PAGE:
Australia: Government releases Exposure Draft Regulations detailing Prohibited International Emissions Units and the ‘Opt-In Scheme’ for Large Liquid Fuel Users

Last Updated: 28 October 2012
Article by Felicity Rourke and Richard Howarth


Following the Federal Government's recent announcement of an intention to link Australia's carbon pricing mechanism (CPM) with the European Union Emissions Trading Scheme (EUETS) from 1 July 2015 (discussed in our recent legal update), the Exposure draft: Clean Energy Amendment Regulation 2012 (Draft Regulation) has been released for consultation. This update examines the two key topics covered by the Draft Regulation:

  • identifying those international carbon units which are proposed to be prohibited from being surrendered under the CPM, on the basis of environmental and/or social integrity concerns; and
  • providing details of the requirements which large liquid fuel users must meet if they wish to "opt-in" to the CPM and manage their liability directly under the CPM, as opposed to paying an effective (indirect) carbon price through receiving reduced fuel tax credits, or in the case of aviation fuel, an increased excise.

Prohibited Certified Emissions Reductions units (CERs) and Emissions Reduction Units (ERUs)

In accordance with the Government's commitments leading up to the formulation of the CPM, the Draft Regulations propose qualitative restrictions on the types of eligible international emissions units that can be surrendered under the CPM. In particular, the Draft Regulations disallow liable entities from meeting their obligations through surrendering CERs and ERUs arising from the following Clean Development Mechanism or Joint Implementation projects:

  1. the destruction of trifluoromethane;
  2. the destruction of nitrous oxide from adipic acid plants;
  3. nuclear projects; and
  4. large scale hydro power projects that are inconsistent with criteria adopted by the European Union (based on the World Commission on Dams guidelines).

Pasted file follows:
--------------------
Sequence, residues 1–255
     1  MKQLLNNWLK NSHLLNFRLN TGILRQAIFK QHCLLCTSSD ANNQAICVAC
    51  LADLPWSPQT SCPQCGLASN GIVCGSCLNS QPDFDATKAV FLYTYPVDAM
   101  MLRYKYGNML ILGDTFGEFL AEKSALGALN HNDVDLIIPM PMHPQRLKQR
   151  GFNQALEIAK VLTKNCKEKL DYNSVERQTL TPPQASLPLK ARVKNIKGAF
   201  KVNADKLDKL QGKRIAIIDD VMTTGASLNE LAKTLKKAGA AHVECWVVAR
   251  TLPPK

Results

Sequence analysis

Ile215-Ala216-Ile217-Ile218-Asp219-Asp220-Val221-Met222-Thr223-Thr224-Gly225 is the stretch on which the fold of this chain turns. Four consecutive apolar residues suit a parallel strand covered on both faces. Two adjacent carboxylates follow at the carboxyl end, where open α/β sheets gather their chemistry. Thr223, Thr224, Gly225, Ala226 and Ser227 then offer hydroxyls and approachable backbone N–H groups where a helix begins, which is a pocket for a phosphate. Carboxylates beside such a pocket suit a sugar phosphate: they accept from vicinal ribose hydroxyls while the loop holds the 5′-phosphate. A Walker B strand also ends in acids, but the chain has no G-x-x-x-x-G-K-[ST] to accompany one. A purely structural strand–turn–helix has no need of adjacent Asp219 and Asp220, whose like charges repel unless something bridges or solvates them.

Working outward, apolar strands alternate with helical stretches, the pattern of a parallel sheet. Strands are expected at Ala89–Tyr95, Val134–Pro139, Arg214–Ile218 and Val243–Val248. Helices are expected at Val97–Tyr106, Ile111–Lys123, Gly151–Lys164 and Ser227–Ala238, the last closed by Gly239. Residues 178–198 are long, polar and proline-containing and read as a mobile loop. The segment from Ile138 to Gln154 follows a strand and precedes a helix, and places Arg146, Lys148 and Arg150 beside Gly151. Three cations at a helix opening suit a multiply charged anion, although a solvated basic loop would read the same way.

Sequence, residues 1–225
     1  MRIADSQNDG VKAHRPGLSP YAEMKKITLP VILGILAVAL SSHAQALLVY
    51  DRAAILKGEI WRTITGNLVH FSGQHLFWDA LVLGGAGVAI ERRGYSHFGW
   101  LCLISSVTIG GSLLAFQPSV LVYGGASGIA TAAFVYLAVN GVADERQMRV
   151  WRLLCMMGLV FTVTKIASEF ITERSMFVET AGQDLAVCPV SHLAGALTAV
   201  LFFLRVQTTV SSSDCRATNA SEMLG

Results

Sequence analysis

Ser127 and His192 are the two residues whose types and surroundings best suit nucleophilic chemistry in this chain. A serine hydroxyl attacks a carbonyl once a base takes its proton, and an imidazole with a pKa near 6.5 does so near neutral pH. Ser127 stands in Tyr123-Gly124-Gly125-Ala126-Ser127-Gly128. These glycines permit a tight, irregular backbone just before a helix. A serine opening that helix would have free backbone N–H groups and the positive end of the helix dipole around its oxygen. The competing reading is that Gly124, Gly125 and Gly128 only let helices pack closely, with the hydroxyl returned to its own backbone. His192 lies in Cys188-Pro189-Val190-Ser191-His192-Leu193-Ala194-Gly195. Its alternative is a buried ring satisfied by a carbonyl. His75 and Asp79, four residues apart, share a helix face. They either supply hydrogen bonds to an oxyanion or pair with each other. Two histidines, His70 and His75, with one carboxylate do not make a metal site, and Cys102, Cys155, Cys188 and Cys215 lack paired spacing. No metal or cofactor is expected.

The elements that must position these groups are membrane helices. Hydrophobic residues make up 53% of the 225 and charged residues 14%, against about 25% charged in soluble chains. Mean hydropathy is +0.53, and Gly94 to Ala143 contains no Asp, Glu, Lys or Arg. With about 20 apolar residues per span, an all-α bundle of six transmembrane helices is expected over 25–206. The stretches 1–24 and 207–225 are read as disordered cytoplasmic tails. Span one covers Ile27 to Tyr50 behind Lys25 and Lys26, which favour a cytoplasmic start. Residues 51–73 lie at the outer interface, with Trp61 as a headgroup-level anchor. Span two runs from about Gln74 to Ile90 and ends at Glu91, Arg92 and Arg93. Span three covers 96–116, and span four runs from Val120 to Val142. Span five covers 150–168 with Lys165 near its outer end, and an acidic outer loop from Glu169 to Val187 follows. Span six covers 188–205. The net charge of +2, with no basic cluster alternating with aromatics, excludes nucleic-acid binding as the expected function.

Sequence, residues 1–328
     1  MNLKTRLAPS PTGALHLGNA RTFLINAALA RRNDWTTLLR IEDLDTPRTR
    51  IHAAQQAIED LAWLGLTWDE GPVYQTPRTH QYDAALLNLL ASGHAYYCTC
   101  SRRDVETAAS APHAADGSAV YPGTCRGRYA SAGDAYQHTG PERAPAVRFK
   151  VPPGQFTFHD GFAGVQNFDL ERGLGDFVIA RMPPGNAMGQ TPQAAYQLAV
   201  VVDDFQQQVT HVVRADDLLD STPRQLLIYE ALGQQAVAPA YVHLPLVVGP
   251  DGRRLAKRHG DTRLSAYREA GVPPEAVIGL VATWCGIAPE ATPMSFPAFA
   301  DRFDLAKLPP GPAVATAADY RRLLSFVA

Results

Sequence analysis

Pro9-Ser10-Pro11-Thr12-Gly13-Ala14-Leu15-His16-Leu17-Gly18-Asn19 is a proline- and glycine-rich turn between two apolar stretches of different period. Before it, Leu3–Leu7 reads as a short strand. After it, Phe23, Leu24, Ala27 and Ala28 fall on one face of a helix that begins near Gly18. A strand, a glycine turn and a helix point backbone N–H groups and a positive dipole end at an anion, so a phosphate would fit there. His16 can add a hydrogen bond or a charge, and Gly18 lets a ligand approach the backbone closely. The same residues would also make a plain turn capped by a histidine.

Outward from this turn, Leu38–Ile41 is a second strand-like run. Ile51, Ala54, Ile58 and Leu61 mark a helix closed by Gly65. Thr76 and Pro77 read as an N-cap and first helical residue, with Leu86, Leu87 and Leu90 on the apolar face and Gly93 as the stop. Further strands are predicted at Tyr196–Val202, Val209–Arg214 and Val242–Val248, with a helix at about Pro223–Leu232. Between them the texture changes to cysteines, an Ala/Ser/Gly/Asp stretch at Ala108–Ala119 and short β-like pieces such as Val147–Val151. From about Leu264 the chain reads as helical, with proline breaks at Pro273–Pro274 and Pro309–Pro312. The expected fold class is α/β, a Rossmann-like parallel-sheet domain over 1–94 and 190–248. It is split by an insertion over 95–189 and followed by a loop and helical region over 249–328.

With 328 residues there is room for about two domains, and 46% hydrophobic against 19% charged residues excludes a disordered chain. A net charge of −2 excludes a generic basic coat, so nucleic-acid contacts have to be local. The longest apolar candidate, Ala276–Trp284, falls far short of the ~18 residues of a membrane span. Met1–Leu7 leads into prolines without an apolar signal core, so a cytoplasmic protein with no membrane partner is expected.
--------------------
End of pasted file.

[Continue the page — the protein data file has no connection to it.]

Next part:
These restrictions are in addition to the temporary and long terms CERs that have already been excluded from being eligible for surrender under the CPM. Furthermore, as noted in our previous legal update, liable entities are only permitted to use Kyoto units to meet up to 12.5% of their liability.

The Opt-in Scheme

The Opt-in Scheme (Scheme) allows large liquid fuel users to nominate a designated opt-in person (DOIP) for eligible fuel acquired, manufactured or imported by the user. The effect of this nomination is to make the DOIP a liable entity under the Clean Energy Act 2011 (Act) for the embodied emissions of a specified amount of fuel (the 'opt-in amount').

The Scheme applies to "liquid petroleum fuels" such as petrol, diesel, aviation fuels and blends of fuels, and is to be managed primarily by the Clean Energy Regulator (Regulator), with assistance from the ATO and Customs as required.

The Draft Regulations set out the eligibility test for nomination as a DOIP, as well as the process for making an application and the information required to be included.

Importantly the Draft Regulations do not permit an individual or a foreign person to be nominated as a DOIP, and require that if the nomination is in relation to a GST group or GST joint venture, the DOIP must be the representative of the GST group or the joint venture operator, respectively.

The Draft Regulations also propose a "threshold test" for eligibility, which requires that:

  • the DOIP use an amount of fuel embodying potential greenhouse gas emissions of 25,000 tonnes of carbon dioxide equivalence (CO2-e) or more, or
  • the DOIP has or had an entry on the Liable Entity Public Information Database in specific financial years.

The Draft Regulations also outline the application process to be followed by large fuel users to vary both the DOIP and their opt-in amount. Applications must be made on or before 31 March of the financial year before the financial year in which the declaration is to have effect.

In certain circumstances a DOIP may voluntarily opt-out, and the Draft Regulation also provides for circumstances in which the Clean Energy Regulator may remove someone from the opt-in scheme.

Finally, the Draft Regulations set out the record keeping, notification and reporting requirements of the DOIP. Importantly, the Draft Regulations propose that a DOIP must provide a report to the Regulator by 14 July each year, which must:

  1. demonstrate that the DOIP passes the eligibility test for the financial year;
  2. identify the name of the entity that is entitled to a fuel tax credit in relation to the person's opt-in amount for the financial year; and
  3. in the case where the DOIP applied as a representative member or joint venture operator, identify the name of the members of the GST group or the participants in the GST joint venture, at the start of the financial year, for which the DOIP is liable.

Next Steps

Submissions on the Draft Regulations close on 12 November 2012, with the Act requiring that the regulations implementing the Opt-in Scheme be finalised by 15 December 2012.

If you would like further detail on any aspect of the Draft Regulations, or if you have any questions about how these proposed changes will impact your compliance options or the Australian carbon market more generally, please contact a member of our Climate Change team.

The content of this article is intended to provide a general guide to the subject matter. Specialist advice should be sought about your specific circumstances.

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Felicity Rourke
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